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Opening the spigot for liquid natural gas imports

August 29, 2008|Nancy Rivera Brooks

With the help of Mexico President Felipe Calderon, San Diego-based Sempra Energy on Thursday inaugurated its $1-billion Energia Costa Azul gas import terminal to serve fast-growing energy demands in the southwestern U.S. and Baja California.

The first such facility on North America's west coast, the Sempra plant receives natural gas that was cooled to a liquid for overseas shipment by tanker. The fuel is then processed back into a gas for pipeline transport to users, including power plants, industry and homes.

Several other companies are pursuing permits for West Coast liquefied natural gas facilities to tap into growing use of the relatively clean-burning fuel, but they have run into opposition in Long Beach and other communities. Some critics worry about the safety of such regasification facilities; others doubt the market can support multiple plants.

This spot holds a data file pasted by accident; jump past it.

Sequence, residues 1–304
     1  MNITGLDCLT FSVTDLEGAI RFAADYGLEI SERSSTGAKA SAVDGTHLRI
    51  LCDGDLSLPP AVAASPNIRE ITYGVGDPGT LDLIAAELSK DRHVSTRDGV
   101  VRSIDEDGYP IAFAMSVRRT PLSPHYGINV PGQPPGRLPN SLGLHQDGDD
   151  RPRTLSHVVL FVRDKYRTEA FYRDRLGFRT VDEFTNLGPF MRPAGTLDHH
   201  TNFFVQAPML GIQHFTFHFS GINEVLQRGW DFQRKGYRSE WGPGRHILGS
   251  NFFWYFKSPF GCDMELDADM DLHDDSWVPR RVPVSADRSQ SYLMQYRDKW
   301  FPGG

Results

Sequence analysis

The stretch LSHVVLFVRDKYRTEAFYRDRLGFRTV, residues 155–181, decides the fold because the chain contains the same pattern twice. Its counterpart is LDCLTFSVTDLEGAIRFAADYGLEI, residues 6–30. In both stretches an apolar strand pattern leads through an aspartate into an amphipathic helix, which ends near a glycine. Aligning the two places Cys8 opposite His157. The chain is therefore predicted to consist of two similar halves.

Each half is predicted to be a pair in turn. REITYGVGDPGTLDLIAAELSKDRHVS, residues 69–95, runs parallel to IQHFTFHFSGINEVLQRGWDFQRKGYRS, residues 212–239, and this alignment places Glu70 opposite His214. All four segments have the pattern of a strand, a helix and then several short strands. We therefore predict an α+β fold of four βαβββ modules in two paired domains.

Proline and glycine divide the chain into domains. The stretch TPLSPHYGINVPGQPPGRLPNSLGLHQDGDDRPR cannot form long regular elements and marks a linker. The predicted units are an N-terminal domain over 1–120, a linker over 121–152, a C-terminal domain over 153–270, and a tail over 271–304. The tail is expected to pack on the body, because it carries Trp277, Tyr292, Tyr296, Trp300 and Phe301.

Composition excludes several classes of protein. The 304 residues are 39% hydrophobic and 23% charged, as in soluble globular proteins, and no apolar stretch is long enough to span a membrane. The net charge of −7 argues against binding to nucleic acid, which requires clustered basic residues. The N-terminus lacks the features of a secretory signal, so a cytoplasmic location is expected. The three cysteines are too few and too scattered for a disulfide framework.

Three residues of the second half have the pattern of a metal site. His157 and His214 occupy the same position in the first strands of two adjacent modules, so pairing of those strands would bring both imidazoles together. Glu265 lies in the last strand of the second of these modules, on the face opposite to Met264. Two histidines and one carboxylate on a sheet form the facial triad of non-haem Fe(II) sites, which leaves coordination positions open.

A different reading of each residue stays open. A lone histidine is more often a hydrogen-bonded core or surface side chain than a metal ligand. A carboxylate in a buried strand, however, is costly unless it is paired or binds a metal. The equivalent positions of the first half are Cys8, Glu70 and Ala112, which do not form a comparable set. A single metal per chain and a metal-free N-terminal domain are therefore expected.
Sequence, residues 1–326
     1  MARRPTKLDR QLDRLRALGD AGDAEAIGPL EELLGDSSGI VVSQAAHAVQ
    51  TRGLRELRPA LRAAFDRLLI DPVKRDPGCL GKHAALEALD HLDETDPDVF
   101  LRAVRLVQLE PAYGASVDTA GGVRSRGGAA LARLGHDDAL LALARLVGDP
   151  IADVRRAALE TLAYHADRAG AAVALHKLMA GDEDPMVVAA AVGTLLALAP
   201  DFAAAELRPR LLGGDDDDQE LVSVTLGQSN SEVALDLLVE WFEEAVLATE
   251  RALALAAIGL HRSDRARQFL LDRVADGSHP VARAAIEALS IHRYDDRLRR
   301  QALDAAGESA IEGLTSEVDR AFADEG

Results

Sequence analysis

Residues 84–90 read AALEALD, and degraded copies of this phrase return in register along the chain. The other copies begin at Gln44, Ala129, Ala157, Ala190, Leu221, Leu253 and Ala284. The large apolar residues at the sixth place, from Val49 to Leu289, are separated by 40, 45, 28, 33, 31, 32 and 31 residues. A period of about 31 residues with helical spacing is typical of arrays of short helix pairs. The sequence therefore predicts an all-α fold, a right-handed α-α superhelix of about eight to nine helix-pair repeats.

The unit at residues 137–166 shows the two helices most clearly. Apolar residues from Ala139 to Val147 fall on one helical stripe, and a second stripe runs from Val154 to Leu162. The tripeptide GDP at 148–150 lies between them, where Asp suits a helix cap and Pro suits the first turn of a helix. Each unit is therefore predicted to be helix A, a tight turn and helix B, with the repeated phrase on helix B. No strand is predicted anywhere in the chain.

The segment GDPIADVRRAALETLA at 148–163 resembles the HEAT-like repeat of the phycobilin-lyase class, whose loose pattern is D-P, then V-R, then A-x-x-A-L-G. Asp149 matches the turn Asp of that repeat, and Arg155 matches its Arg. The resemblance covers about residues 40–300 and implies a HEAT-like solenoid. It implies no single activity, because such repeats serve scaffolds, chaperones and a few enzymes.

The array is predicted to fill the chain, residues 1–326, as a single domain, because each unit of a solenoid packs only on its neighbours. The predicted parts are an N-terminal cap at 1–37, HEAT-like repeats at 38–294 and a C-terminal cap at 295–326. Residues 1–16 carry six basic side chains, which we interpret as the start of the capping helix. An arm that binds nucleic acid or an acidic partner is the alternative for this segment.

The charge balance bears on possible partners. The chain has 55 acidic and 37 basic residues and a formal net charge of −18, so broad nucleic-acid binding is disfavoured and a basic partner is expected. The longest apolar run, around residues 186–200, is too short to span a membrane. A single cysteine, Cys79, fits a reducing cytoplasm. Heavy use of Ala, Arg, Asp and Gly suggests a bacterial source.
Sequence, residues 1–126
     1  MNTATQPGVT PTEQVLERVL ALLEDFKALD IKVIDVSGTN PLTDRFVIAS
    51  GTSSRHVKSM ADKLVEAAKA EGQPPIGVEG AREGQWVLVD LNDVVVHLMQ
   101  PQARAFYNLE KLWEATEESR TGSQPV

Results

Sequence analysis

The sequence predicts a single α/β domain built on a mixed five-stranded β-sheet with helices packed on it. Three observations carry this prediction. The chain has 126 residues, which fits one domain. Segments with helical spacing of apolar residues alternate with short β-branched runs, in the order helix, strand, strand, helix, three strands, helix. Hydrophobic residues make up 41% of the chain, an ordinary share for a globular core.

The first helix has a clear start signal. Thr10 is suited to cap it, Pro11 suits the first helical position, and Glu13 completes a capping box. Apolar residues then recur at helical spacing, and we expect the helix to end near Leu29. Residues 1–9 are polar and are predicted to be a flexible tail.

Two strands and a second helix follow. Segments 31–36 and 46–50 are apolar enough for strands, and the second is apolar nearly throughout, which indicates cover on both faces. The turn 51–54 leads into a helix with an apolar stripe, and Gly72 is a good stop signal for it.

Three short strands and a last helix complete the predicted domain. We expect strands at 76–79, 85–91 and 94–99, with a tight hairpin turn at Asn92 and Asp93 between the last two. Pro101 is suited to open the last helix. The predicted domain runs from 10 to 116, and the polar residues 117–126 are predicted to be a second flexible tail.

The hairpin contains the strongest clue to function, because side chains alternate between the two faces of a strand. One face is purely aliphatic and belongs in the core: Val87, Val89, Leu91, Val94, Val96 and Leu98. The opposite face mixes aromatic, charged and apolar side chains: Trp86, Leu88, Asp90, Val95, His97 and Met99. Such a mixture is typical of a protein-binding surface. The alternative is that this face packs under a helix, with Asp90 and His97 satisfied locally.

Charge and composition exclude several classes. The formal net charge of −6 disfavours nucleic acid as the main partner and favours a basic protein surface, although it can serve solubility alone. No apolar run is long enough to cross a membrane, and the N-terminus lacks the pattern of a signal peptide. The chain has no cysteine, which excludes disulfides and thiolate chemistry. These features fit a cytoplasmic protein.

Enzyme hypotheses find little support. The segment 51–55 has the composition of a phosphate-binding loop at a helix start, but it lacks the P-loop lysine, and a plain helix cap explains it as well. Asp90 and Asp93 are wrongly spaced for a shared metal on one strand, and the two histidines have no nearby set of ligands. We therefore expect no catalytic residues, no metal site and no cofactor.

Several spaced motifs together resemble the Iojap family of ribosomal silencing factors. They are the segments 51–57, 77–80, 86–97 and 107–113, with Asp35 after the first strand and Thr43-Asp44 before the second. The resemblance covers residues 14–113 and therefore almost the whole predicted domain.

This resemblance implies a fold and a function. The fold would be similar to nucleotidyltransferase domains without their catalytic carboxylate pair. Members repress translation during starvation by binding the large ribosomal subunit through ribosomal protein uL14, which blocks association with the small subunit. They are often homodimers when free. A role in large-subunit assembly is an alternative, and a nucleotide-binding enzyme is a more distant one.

Sempra, parent of Southern California Gas Co. and San Diego Gas & Electric Co., said Thursday that the terminal, on the shore 14 miles north of Ensenada, would receive a 5-million-cubic-foot shipment of liquefied natural gas next month from Trinidad and Tobago. Energia Costa Azul, which is capable of processing as much as 1 billion cubic feet of natural gas a day, received its first cargo in April.

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